Student profile

Karina Garcia Casanova

Pursuing a Master of Fine Arts
Studio Arts with a concentration in Film Production

I was able to reach out to professors before applying to graduate school to make sure it was a good fit for me.


What did your path to graduate studies look like?

I completed my undergraduate degree in Communications Studies at Concordia many years ago, and then worked in the documentary film industry. After having children, I wanted to reset my practice and take an experimental approach to film and decided to return to Concordia to pursue graduate studies.

Tell us about your program.

I'm in the Studio Arts MFA program with a concentration in film production. My focus is on experimental and expanded forms of nonfiction filmmaking. I'm really enjoying the fact that the MFA is with all the other disciplines, which means we have joint seminars with students in sculpting, painting, fibers and material practice, and film.

What’s the best part of your program?

The multidisciplinary approach to art and collaborating with students from other studio arts disciplines is a highlight for me and I think it’s what makes the film program at Concordia unique. It allows me to approach film in different ways, and that has been quite rewarding.

What are the advantages of continuing your studies at Concordia—from undergraduate to graduate studies?

Having studied at Concordia, I found the familiarity with labs and various resources very useful. It provides some continuity and lets you build long-term relationships.

I was able to reach out to professors before applying to graduate school to make sure it was a good fit for me. Being able to connect and meet with them helped with the transition and made me aware of available grants and scholarships.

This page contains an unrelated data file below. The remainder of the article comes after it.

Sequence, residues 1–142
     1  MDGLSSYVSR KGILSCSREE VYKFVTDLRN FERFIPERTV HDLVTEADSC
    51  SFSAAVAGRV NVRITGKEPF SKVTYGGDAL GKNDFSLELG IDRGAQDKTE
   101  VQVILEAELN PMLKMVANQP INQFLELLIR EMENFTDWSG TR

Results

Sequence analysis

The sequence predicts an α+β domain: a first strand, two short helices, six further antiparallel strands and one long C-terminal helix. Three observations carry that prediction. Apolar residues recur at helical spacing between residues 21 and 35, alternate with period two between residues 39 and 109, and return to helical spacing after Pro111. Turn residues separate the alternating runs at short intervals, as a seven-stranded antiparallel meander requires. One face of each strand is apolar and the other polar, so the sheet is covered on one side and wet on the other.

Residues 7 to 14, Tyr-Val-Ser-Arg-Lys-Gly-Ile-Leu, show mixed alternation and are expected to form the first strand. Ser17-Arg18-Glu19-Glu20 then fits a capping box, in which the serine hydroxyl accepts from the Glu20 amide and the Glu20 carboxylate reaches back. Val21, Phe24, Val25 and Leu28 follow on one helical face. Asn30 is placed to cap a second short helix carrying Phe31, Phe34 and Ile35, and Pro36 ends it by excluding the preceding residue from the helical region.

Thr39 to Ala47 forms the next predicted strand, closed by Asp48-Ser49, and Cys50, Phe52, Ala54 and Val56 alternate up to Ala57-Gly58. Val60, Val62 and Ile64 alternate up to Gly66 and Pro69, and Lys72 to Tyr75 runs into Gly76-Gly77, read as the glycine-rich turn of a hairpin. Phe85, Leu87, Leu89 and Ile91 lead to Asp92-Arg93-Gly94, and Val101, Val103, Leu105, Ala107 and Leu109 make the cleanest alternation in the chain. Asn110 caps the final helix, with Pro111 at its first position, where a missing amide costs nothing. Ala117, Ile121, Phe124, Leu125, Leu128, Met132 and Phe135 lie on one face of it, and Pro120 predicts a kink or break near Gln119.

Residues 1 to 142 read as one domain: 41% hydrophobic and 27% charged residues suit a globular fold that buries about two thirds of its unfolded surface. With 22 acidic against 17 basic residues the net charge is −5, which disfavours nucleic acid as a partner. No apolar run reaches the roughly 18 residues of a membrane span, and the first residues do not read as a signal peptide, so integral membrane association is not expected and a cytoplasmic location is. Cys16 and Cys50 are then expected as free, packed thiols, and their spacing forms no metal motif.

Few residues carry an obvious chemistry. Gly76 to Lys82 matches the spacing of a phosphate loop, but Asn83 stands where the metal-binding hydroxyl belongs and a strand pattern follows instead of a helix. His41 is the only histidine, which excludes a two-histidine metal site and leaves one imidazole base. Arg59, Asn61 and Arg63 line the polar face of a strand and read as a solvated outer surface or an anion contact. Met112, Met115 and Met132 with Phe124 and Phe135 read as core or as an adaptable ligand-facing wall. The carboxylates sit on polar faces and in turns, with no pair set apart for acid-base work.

Where do you see graduate studies taking you?

I pursued graduate studies to expand my artistic practice, and to teach, and so far, it has been conducive to both. There are a lot of teaching opportunities for graduate students, and I’ve been able to take advantage of that. I’m hopeful that I’ve accumulated enough teaching experience to help when I apply for teaching jobs next year.

In terms of my practice, it has been such an inspiring and productive time. Setting aside these past few years to focus on my MFA, I've developed many projects and now I'm looking forward to applying for grants and developing those projects outside of school.

Any advice for current undergraduates who are considering graduate studies at Concordia?

Reach out to professors and see what opportunities are out there. Letting them know you might be interested can be very helpful. They might point you towards certain awards or financing and work opportunities.

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